Saturday, January 19, 2008
I don't know how many of you suffer from the frustration of trying to find a radio station that plays only music that you like - and perhaps you are a bit tired on all the songs on your ipod . . . . Well, the solution is finally here - the music genome project from Pandora.com. You type in your favorite list of songs and viola - it matches those songs to music that is similar and creates a radio station just for you. I haven't played around with it too much but it does seem like a fun tool and perhaps can introduce to some fun new music.
Here is the website's overview of its mission:
When was the last time you fell in love with a new artist or song?
At Pandora, we have a single mission: To play music you'll love - and nothing else.
To understand just how we do this, and why we think we do it really, really well, you need to know about the Music Genome Project®.
Since we started back in 2000, we have been hard at work on the Music Genome Project. It's the most comprehensive analysis of music ever undertaken. Together our team of fifty musician-analysts has been listening to music, one song at a time, studying and collecting literally hundreds of musical details on every song. It takes 20-30 minutes per song to capture all of the little details that give each recording its magical sound - melody, harmony, instrumentation, rhythm, vocals, lyrics ... and more - close to 400 attributes! We continue this work every day to keep up with the incredible flow of great new music coming from studios, stadiums and garages around the country.
With Pandora you can explore this vast trove of music to your heart's content. Just drop the name of one of your favorite songs or artists into Pandora and let the Genome Project go. It will quickly scan its entire world of analyzed music, almost a century of popular recordings - new and old, well known and completely obscure - to find songs with interesting musical similarities to your choice. Then sit back and enjoy as it creates a listening experience full of current and soon-to-be favorite songs for you. . . .
Wow - what will people think of next. Enjoy!
The Wall Street Journal's Health blog reports on one of Microsoft's latest patent attempts. The story states,
Say you’re sitting at your computer, typing away, and suddenly you see something — an ominous email from the boss, maybe — that makes you nervous. Your heart races, and you lose focus on your work. A minute later, a colleague IMs you and offers to lend a hand. Creepy? Useful? Both?
We pose the question because Microsoft has applied for a patent on a system for “monitoring group activities” that could automatically keep an eye on people’s vital signs as a way to see how everybody’s doing and to send help when it’s needed.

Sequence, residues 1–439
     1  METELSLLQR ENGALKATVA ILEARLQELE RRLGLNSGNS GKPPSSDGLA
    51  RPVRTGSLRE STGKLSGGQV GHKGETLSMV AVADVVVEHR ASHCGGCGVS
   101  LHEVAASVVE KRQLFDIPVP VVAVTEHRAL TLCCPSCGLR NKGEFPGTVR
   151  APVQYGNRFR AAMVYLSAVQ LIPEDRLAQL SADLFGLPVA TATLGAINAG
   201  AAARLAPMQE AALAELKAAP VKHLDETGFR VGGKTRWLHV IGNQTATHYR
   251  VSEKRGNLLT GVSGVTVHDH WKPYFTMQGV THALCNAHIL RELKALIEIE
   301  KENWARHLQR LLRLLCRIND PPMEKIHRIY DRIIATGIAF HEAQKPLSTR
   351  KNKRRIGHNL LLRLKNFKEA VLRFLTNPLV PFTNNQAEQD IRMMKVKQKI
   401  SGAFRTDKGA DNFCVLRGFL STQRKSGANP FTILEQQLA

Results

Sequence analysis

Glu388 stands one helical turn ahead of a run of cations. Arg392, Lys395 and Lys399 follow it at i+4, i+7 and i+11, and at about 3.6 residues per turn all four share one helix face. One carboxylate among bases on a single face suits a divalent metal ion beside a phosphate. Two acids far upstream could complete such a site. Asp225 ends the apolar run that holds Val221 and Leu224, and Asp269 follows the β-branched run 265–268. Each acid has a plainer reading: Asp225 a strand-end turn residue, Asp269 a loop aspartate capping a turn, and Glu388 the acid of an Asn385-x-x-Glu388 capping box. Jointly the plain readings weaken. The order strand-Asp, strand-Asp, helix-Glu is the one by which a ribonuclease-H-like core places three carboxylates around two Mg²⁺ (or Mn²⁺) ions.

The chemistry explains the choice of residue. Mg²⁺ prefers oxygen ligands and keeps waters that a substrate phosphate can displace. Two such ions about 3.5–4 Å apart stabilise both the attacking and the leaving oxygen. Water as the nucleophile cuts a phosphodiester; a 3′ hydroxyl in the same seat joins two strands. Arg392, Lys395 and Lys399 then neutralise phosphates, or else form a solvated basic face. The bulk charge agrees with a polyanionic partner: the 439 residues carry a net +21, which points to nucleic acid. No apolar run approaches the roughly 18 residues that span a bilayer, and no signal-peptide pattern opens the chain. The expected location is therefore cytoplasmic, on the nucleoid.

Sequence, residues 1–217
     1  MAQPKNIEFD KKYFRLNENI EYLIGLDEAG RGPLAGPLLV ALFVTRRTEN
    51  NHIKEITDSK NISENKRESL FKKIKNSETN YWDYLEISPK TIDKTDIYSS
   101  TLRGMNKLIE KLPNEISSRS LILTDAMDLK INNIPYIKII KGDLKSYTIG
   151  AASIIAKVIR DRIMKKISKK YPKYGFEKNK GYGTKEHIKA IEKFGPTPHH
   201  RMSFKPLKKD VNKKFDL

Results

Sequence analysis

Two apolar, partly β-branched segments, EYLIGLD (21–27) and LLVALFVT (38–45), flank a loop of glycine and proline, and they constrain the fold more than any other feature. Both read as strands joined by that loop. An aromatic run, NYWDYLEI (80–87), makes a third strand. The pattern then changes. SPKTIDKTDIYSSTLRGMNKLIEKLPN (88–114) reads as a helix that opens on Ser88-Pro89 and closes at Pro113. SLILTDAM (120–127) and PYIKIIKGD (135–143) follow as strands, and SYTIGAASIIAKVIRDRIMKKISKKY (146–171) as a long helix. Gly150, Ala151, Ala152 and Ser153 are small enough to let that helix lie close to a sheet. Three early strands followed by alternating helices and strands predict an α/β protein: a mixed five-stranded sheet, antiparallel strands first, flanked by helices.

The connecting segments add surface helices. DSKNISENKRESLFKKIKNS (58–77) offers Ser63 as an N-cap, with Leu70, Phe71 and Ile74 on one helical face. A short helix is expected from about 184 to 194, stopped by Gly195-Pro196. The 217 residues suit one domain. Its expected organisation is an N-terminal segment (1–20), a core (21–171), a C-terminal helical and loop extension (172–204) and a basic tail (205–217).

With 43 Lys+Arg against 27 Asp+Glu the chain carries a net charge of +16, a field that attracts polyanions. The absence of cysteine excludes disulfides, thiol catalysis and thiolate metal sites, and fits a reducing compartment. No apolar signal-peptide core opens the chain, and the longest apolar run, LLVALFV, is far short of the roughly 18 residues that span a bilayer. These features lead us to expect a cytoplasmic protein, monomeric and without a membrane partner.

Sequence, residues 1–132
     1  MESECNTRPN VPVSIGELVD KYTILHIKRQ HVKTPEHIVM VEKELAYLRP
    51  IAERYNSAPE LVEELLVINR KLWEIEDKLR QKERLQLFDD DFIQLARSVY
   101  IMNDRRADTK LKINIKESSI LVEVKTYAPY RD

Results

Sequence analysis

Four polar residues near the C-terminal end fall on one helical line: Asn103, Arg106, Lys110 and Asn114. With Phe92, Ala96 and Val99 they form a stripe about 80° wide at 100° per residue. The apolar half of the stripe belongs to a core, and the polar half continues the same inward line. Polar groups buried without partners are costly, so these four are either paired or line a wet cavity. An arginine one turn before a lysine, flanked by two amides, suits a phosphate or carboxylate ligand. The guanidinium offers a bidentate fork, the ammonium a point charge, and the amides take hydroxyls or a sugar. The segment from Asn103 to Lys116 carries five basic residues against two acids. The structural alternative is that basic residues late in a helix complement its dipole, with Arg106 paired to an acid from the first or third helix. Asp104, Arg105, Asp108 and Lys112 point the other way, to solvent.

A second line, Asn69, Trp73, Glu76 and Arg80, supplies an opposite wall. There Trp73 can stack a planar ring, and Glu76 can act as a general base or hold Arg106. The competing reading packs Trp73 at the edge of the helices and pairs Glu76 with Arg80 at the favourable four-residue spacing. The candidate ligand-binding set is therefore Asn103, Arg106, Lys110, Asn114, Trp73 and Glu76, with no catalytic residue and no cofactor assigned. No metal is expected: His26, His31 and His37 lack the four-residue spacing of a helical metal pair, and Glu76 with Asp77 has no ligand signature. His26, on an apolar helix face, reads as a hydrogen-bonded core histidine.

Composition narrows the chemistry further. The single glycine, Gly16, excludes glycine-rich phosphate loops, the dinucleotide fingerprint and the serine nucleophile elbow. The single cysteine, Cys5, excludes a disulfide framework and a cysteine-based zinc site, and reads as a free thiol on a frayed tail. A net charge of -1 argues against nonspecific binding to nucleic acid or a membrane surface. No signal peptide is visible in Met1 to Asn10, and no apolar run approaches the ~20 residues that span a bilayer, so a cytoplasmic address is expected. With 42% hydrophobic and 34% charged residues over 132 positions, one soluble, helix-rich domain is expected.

The system could use sensors to “detect at least one of heart rate, galvanic skin response, EMG, brain signals, respiration rate, body temperature, movement, facial movements, facial expressions, and blood pressure,” the application says.
Those signs could allow a system of the future to “automatically detect frustration or stress in the user via physiological and environmental sensors and then offer or provide some type of assistance accordingly.”
The patent application is posted on the Web site of the U.S. Patent & Trademark Office, and was described in a recent story in the Times of London. The application (which refers not only to desktop computers but also to mobile devices) “does not relate to any of Microsoft’s current product plans,” Microsoft VP of Intellectual Property and Licensing Horacio Gutierrez said in a statement. . . .
Hey sounds great to me - it sure would be fun to have this technology available at the next faculty meeting. Those meetings could use some extra spark . Ok, on a serious note, I find it rather troubling for a number of reasons - doesn't the technology sound a bit like a lie detector test (i.e., perhaps a bit unreliable). Plus, my e-mail box still contains a lot of spam. I am sure that my co-workers will want to know my response to yet another ad for an impotence cure. . . . . I can hardly wait for their assistance . . . .
Friday, January 18, 2008
Just in time for my Health Law class, Ezra Klein helpfully points to a website that has started a video collection which provides first person accounts of numerous experiences with low-quality health care in the United States. The website is "Health Care for All" and can be accessed here.
Thursday, January 17, 2008
The New England Journal of Medicine reports this week on a report showing that a majority of studies that get published about antidepressants are positive, while negative studies remain unpublished. The article is entitled: "Selective Publication of Antidepressant Trials and Its Influence on Apparent Efficacy." Here is the abstract: